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Damn Good Communication: The Benefits of Being Surprisingly Transparent

Ali Murray Fun Stuff

Damn Good Comm_RhodeIsland copyGovernment road works projects aren’t known for being especially delightful to the general public (especially when they center around construction, and especially, especially when that construction interferes with your commute and/or scenic view and/or sleep).

They’re a nuisance and an eyesore. Too often, “three-month” projects end up lasting all year long. Worse still, citizens usually have to put in a lot of effort to see if their tax money is being spent well: trips to city hall, complicated paperwork, and calls to representatives that can still sometimes fall on deaf ears.

Sorry for the downer intro. But it allows me to emphasize even further how cool I think this month’s example of Damn Good Communication is: these refreshingly transparent public works signs made by the government of Rhode Island:

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These conveniently color-coded signs give Rhode Island residents a refreshingly honest glimpse behind the road works curtain. At a glance, they can find out when a project will be done, if it’s late or over-budget, and (in the case of ongoing construction) exactly how much it’s likely to cost.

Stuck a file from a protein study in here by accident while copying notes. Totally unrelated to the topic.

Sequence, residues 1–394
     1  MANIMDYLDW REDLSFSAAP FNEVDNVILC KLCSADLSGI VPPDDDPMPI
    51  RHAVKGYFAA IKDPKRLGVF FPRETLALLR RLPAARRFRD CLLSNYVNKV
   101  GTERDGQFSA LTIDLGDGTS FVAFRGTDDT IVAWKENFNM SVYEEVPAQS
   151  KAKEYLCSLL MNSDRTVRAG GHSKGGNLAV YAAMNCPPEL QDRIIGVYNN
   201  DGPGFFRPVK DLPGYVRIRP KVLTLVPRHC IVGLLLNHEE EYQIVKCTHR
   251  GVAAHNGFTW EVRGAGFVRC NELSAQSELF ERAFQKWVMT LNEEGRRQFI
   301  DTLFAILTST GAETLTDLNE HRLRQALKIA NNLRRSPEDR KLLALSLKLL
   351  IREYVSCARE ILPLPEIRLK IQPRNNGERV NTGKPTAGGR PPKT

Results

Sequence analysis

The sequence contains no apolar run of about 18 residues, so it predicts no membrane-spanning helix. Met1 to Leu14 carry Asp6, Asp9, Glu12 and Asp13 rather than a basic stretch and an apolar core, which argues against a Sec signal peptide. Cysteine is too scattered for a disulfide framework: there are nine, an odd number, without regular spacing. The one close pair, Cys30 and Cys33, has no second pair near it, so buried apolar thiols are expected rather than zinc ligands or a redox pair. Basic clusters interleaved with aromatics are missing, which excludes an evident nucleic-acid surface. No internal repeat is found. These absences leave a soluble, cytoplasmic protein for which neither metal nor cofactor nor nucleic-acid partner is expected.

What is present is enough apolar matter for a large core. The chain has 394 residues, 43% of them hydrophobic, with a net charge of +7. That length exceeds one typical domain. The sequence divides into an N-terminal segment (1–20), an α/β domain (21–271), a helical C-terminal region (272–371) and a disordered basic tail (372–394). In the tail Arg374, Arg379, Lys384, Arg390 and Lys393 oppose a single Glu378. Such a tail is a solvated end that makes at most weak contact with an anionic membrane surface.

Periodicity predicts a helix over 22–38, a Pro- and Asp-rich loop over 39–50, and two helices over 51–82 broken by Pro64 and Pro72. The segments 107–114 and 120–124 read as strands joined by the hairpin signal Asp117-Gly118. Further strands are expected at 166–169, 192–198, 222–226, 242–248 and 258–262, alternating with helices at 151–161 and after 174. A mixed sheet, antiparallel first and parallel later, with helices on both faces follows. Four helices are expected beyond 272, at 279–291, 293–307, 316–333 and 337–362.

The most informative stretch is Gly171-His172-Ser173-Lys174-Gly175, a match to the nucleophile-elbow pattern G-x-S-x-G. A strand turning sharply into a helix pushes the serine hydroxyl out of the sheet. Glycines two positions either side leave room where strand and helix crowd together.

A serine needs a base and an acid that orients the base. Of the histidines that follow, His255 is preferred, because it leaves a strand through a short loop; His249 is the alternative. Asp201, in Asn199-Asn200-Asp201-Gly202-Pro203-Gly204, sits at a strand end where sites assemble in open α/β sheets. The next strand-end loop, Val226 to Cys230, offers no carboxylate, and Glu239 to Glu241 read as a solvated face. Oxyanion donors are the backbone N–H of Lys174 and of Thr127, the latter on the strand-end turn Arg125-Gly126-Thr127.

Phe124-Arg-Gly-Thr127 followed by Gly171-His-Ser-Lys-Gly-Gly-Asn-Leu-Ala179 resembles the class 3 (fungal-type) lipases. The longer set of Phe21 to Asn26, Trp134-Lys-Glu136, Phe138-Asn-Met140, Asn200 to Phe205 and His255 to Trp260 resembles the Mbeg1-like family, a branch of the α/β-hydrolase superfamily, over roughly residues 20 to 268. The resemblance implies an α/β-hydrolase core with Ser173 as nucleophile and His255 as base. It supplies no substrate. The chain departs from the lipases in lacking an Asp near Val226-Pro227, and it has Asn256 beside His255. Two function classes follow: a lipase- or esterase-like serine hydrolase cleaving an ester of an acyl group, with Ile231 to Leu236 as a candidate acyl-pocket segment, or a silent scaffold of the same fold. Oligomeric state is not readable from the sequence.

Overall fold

Being transparent comes with some risk, of course (the more people know, the more they have to potentially grouse about), but I think the risk is worth taking, whether the project you’re keeping tabs on is a highway re-build, an office remodel or a brand-new benefits initiative.

Why? Because no matter who you are or what you do, at some point you’re going to have to deal with a project that gets a little wonky. Maybe a supplier triples the cost of a material, and there’s nothing you can do to bring the cost down again. Maybe a contractor is late in returning their comments, pushing the whole project calendar back. Maybe you just plain miss a deadline: nobody’s fault but your own.

When this kind of stuff happens, there’s always a temptation to downplay it or sweep it completely under the rug (e.g., you send over a document that’s three days late with no forewarning and a small “P.S. Sorry!” stuck to the end). But in the long run, being transparent can both help you win the trust of the people you work with when things aren’t going according to schedule AND help drum up more internal support and recognition when things ARE running smoothly.

Did you promise your employees an update on their new health care premiums by Monday but got waylaid by some unexpected work? Send a quick email the day of that says just that, and lets them know when they can expect more info. Did your company invest in a financial wellness program that some folks think is a waste of money? Consider posting updates about the increase in 401(k) and HSA contributions since its launched and a breakdown of the expenses involved in buying and implementing the program. Need to send a company-wide email about a not-so-positive plan change? Include your phone number as well as your email, and make clear you’re there for people if they need to talk. The more you get in the habit of laying it all out there, the easier it’ll become.


If you liked this Damn Good Communication post, you should also check out:

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The All-New 2017 Ultimate Open Enrollment Communications Playbook (eBook)

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